Severe ED most commonly involves poor circulation that can be effectively treated with high-dose niacin therapy. This comes with the side benefit of possibly saving your life from a cardiovascular event. Reduction in mortality by the most common cause of death has been proven for niacin in RCTs even 9 years after cessation of treatment (2.4g/d), but not for Viagra/sildenafil except in neonates, but not adults with pulmonary hypertension. [11-13]
One study has examined the PDE5 inhibitor vardenafil, with or without niacin, with propionyl-l-carnitine and l-arginine (NCA). Treatment with NCA alone increased IEFF5 by 2 points, vardenafil increased it by 4 points, NCA plus vardenafil increased it by 5 points, and placebo exerted no change at all. 
In addition to ED, sildenafil (Viagra) is used for pulmonary hypertension, high altitude edema, and Raynaud’s phenomena. We personally know people whose Raynaud’s disappeared after 2 weeks of treatment with high dose niacin. The vasodilation effect has been reported to be sufficient to noticeably help, and the warming sensation of the flush is welcomed by people with cold extremities. It is about dose: enough niacin must be taken to get the flush. This varies greatly from person to person. Remember that vasodilation occurs with standard niacin but not with other niacin forms. Niacinamide will not work, and inositol niacinate probably will not work. For comfort, niacin should be taken with food and not in a fasted state.
To the amazement of physicians and patients, high doses of niacin routinely correct dyslipidemia. Higher doses generally confer the greatest effect. This includes high-dose niacin-mediated routine correction of elevated total cholesterol, triglycerides, VLDL, and LDL, while simultaneously boosting HDL (“good cholesterol”) more than any known pharmaceutical.
It should also be noted that there are many different marketed laboratory tests for assessing the lipid contributions to the risk of atherosclerotic cardiovascular disease. Among the most significant contributors prognostic of future cardiovascular events is high Lp(a) and fibrinogen. [15,16] Niacin lowers Lp(a) and fibrinogen. [1,6,16] By contrast, statins in fact raise Lp(a), which is completely undesirable, and they well known to have many side effects, including some that can be serious. Still statins are commonly used and continue to be explored in new clinical trials given the great profit incentive.
Sildenafil (Viagra) is used for ED, pulmonary hypertension, high altitude edema, and Raynaud’s phenomena. We personally know people whose Raynaud’s disappeared after 2 weeks of treatment with high dose niacin.
PDE5 inhibitors (sildenafil/Viagra, vardenafil, tadalafil, and avanafil) do not directly cause penile erections but instead affect the response to sexual stimulation. Sildenafil was the first to be approved and is most effective in men with mild-to-moderate ED. Sexual stimulation is necessary to activate the response. The side effects of sildenafil include headache, flushing, indigestion, nasal congestion, and impaired vision, including photophobia and blurred vision. By comparison, niacin has been around much longer than sildenafil/Viagra. Since the 1930s, niacin has been examined in many more trials than sildenafil/Viagra, which was first marketed for ED in 1998.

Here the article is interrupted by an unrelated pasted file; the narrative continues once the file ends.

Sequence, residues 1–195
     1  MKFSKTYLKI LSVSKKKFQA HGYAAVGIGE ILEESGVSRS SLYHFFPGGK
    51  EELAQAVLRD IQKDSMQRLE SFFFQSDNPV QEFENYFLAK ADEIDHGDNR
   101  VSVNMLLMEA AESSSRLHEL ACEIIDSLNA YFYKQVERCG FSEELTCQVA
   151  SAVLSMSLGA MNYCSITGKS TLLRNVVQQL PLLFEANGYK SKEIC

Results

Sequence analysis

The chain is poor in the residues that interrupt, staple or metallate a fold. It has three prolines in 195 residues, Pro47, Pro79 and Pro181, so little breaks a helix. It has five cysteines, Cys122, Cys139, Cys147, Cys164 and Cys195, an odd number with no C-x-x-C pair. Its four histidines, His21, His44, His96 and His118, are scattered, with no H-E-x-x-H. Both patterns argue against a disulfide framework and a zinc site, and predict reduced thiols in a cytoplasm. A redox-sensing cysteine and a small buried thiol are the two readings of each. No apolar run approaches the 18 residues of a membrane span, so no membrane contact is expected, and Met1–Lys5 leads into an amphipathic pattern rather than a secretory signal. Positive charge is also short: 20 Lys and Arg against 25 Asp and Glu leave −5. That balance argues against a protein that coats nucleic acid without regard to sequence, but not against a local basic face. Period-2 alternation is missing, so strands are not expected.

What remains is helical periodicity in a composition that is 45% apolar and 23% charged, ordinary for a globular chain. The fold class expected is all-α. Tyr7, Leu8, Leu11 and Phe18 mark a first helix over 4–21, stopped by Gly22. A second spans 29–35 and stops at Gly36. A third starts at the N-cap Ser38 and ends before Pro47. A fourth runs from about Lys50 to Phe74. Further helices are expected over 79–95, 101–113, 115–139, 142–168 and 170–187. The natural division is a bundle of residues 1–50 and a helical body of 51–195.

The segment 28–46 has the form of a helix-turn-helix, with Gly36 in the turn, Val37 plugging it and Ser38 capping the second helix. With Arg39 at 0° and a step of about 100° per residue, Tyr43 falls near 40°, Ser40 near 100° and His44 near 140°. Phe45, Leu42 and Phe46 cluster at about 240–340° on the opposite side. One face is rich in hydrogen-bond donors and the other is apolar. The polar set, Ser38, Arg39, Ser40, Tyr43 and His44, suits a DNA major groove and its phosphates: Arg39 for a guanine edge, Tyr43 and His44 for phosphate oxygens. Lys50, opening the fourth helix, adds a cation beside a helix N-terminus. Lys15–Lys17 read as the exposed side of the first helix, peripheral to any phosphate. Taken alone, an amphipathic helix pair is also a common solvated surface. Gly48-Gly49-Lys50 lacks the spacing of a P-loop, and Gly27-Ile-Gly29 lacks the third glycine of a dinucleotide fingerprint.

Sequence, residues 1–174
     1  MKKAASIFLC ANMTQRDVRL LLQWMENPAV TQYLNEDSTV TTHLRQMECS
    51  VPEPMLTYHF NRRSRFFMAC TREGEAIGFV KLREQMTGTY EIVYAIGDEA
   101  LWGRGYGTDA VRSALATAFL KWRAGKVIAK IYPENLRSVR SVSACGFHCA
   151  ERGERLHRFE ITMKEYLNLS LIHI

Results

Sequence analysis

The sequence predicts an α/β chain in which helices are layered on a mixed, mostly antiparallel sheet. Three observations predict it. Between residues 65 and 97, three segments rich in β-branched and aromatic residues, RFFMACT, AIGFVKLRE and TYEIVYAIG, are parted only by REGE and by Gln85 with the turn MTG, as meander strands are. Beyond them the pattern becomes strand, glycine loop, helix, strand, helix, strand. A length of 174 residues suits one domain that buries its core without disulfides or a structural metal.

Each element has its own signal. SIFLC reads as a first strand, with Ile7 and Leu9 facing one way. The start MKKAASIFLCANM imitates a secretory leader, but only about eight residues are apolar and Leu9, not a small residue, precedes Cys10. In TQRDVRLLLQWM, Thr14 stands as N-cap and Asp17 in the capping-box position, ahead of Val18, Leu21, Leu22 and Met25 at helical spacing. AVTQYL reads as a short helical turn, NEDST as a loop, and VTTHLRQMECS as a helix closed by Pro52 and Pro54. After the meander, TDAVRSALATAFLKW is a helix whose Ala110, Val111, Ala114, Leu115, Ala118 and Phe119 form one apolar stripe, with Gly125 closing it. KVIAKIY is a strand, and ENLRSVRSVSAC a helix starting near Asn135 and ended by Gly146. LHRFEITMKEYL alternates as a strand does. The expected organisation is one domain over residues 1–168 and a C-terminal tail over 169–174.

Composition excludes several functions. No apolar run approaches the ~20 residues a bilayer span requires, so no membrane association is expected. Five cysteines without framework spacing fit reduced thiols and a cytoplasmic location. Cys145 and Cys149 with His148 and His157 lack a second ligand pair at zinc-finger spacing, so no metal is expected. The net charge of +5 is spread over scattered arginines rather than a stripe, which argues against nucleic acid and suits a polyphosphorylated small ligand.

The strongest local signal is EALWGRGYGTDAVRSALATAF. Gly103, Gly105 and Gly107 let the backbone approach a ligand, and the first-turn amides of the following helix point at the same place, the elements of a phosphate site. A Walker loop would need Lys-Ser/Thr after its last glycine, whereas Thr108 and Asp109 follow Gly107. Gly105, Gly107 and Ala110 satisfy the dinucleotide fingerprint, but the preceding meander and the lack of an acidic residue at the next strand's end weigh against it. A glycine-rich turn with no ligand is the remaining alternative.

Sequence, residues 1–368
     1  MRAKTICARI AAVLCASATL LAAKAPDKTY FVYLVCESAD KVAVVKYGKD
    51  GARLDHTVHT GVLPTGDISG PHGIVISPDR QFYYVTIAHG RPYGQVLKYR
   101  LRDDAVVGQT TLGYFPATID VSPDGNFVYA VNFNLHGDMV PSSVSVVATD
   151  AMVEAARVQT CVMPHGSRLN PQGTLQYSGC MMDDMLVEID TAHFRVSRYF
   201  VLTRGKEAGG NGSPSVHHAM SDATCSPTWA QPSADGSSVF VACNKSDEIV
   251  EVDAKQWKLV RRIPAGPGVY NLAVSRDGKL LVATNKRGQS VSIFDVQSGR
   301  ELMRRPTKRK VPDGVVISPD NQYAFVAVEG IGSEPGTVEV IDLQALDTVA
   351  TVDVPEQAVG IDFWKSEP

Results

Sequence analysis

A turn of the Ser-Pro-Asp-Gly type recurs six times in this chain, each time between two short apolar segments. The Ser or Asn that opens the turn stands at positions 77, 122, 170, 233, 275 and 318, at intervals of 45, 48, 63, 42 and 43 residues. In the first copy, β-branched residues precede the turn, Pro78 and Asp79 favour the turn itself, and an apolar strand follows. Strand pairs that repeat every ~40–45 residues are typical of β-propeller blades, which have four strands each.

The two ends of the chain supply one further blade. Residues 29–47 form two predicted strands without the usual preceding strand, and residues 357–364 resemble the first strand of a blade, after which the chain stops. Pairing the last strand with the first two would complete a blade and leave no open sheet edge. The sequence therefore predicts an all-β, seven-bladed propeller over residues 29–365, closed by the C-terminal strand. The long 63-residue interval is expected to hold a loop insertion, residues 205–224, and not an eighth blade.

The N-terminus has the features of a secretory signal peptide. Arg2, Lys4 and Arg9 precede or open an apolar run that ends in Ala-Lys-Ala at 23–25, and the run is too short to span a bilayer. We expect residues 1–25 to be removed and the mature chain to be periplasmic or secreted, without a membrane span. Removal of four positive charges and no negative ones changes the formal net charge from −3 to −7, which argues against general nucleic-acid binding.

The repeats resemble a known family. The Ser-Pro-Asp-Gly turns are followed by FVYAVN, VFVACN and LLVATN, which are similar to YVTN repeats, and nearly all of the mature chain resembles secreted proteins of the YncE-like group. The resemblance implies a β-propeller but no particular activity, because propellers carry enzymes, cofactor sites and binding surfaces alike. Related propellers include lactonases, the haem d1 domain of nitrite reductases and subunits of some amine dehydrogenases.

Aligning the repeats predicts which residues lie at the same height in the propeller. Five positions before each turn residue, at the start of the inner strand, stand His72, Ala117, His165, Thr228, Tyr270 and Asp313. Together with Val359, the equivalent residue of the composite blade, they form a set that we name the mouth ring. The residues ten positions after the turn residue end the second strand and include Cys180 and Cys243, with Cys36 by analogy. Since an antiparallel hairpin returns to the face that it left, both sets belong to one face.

Niacin’s dyslipidemia-correcting benefits are highly dose-dependent, with plain old original immediate release niacin exerting the greater benefits than timed release.  These studies have clearly shown that correction of dyslipidemic measures of HDL cholesterol, triglycerides, total cholesterol, and LDL-C are greater when administering the high dose of 3g/d as compared to 2g, 1g, or 500mg.
Niacin requirements and dosing is highly individual. Some individuals are more sensitive than others to the niacin flush response. First, one should always take high-dose niacin with food and not in a fasted state; Secondly, the more one takes a high dose of niacin, the more one can tolerate it. So, one may start their “high-dose” at 50mg three times a day and go for 1-2 weeks before increasing this to higher doses. Ideally an individual can eventually comfortably take 500mg or up to 2g per administration taken once or twice a day. Some are very sensitive to even 50mg, while others can take 2g and notice nothing. Generally, the latter is not a good sign.
To prevent ED, it will likely be most effective to correct deficiencies in ED-associated biochemical pathways, including the levels of niacin and arginine, because these pathways depend on niacin and arginine for nitric oxide production. Further, the simple fact that niacin costs less than three percent of the cost of ED drugs is in itself reason to investigate further.
(Research biochemist Dr. W. Todd Penberthy is a continuing medical education writer and consultant [ www.cmescribe.com ]. In addition to numerous journal publications, he has contributed chapters describing the latest vitamin research to textbooks including Present Knowledge in Nutrition and Biochemical, Physiological, and Molecular Aspects of Human Nutrition. Andrew Saul, along with Drs. Abram Hoffer and Harold Foster, is author of Niacin: The Real Story, which has been translated into German, Polish, and Chinese. In addition to authoring or coauthoring a dozen other books, Saul is editor of the textbook The Orthomolecular Treatment of Chronic Disease.)